We should each have resolutions toward those outside of Christ. Remember Paul’s passionate prayer for his own people: “Brethren, my heart’s desire and prayer to God for Israel is that they may be saved.” Romans 10:1. Perhaps among your own loved ones there are those you will resolve to pray for every day. Be encouraged by the words of Daniel 12:3 –“Those who are wise shall shine like the brightness of the firmament, and those who turn many to righteousness like the stars forever and ever.” A very special blessing/reward seems to be promised to those who turn others to God. A preacher friend of mine noticed children playing in a yard week after week as he and his wife traveled to the church building. One morning they left a few minutes early and stopped and visited with those children and their parents. The parents agreed to allow their children to be taken to Bible study, eventually began to attend themselves, and were converted. It was my privilege a few years ago (2006) to hold a gospel meeting for a congregation in North Carolina attended by one of their daughters and her husband, who was preaching there.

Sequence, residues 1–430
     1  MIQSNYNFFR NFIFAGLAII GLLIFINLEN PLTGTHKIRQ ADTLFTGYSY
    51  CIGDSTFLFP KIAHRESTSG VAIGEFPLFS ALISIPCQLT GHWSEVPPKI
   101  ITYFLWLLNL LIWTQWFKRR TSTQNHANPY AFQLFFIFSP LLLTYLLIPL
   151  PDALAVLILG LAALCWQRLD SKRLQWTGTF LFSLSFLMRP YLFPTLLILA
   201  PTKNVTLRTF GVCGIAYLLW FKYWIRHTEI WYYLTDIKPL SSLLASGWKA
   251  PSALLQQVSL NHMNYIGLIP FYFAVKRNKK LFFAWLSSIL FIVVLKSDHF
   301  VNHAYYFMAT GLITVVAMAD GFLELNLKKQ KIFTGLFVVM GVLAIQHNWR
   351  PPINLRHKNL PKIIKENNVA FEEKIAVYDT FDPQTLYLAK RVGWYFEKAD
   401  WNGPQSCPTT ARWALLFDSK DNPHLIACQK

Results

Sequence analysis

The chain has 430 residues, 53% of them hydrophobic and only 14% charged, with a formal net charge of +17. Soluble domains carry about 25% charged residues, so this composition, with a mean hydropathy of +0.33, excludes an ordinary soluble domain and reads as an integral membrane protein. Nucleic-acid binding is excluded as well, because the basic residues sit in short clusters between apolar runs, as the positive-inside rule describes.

Our resolutions regarding others should include our brethren in Christ. Have you pondered these passages recently? 1 Thessalonians 4:9 – “But concerning brotherly love you have no need that I should write to you, for you yourselves are taught by God to love one another.” Hebrews 13:1 – “Let brotherly love continue.” 1 John 2:9,10 – “He who says he is in the light, and hates his brother, is in darkness until now. He who loves his brother abides in the light, and there is no cause for stumbling in him.” 1 John 4:20,21 – “If someone says, ‘I love God,’ and hates his brother, he is a liar; for he who does not love his brother whom he has seen, how can he love God whom he has not seen? And this commandment we have from Him: that he who loves God must love his brother also.”